How (And When) to Get Tested for COVID-19

covid test tube

As testing for COVID-19—the disease caused by the novel coronavirus—ramps up throughout the country, you may be wondering how to get tested. COVID-19 testing guidelines and limitations will vary depending on where you live, so be sure to follow advice from your state or local health department. You can also contact your primary health care provider if you have any questions regarding COVID-19 and how you can receive testing.  

No matter where you call home, though, you should never simply stroll into a physician’s office or medical clinic if you are displaying symptoms of COVID-19. Most healthcare providers have a pre-visit screening process that may involve a telemedicine visit, which is conducted via a smartphone or computer, or testing that is strategically performed in a parking lot or quarantined area. Before visiting a medical facility for testing or treatment, make sure to call ahead and ask about what steps you may need to take. 

What Does COVID-19 Testing Involve? 

COVID-19 is caused by a virus called SARS-CoV-2. As such, a viral test is performed to screen for this specific virus in nasopharyngeal or throat secretions. During most COVID-19 tests, a thin, 6-inch long cotton swab is gently inserted into the nostril to collect mucus from the nasopharyngeal cavity, which is located between the nose and mouth. The swab remains in each nostril for about 10 to 15 seconds to ensure enough mucus is collected for testing. Less commonly, a throat swab may be performed.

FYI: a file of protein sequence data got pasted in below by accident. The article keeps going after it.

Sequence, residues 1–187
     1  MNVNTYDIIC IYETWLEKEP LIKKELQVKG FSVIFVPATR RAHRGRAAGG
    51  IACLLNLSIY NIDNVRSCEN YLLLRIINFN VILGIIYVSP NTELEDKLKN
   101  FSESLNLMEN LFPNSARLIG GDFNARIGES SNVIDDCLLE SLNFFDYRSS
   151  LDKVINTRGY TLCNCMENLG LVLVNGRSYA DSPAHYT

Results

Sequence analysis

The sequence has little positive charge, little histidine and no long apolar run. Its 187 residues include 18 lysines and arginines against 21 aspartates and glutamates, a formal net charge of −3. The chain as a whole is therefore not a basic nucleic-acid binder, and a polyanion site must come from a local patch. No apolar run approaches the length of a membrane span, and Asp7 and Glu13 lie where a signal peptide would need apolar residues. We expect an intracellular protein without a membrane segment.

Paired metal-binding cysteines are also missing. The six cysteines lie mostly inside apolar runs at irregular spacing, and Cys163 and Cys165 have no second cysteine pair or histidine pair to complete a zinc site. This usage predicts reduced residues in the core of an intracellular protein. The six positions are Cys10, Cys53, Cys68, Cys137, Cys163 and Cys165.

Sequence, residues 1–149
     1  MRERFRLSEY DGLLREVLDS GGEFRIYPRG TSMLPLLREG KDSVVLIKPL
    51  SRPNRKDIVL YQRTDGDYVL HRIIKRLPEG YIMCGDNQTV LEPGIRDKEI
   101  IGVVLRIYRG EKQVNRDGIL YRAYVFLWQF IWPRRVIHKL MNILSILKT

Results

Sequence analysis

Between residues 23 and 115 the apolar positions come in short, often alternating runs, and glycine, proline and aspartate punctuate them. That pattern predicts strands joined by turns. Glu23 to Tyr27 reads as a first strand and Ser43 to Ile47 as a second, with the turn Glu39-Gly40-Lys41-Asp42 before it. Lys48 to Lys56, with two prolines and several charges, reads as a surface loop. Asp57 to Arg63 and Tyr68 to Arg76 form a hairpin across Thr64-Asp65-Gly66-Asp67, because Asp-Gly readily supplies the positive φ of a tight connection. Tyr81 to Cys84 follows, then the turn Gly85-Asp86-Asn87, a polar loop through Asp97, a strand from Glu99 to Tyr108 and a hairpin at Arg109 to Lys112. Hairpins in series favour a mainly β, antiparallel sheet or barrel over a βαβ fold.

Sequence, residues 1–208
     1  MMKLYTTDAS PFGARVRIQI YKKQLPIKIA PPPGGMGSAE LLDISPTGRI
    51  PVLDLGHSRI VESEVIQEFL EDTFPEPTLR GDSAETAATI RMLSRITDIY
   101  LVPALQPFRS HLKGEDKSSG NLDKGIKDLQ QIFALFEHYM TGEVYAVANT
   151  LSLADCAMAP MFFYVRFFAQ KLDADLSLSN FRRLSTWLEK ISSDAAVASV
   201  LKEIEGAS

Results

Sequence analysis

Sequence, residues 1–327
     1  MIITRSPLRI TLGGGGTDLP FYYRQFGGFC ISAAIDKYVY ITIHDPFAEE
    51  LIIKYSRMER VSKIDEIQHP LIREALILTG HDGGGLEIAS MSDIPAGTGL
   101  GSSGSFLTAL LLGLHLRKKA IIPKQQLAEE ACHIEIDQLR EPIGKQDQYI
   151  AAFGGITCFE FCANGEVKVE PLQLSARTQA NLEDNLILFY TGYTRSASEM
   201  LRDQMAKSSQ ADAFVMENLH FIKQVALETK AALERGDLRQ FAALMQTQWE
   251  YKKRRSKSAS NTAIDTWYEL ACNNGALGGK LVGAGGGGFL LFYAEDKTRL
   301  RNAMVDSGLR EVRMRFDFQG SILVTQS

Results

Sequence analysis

Types of COVID-19 Tests 

There are several different methods in which a saliva or nasopharyngeal sample may be screened for SARS-CoV-2. Many health care providers rely on molecular testing, which evaluates the sample for the virus’s genetic material. This method is viewed as highly reliable, and results are often available within one day to one week. A newer method of screening, antigen testing detects fragments of proteins related to the virus. This type of COVID-19 test is often referred to as “rapid testing” and produces results in about an hour or less, although molecular testing is widely considered to be more accurate.  

Testing options for COVID-19 will vary based on your location, the health care provider you choose, and availability on any given day. Some patients can choose what type of testing they’d like to receive, but this isn’t always the case. 

Who Should Be Tested for COVID-19? 

Ideally, everyone with symptoms or possible COVID-19 exposure should be tested, but the answer to this question will depend on COVID-19 testing availability in your area. Access to testing is becoming more readily available as diagnostic capabilities and coronavirus resources expand. Still, some state and local governments may require a physician’s referral to be tested, or they may focus testing efforts on individuals who are recognized as high priority by the Centers for Disease Control and Prevention (CDC). These prioritized groups include: 

  • Hospitalized patients who have COVID-19 symptoms 
  • Individuals who work in health care facilities and group residences, such as rehabilitation centers and nursing homes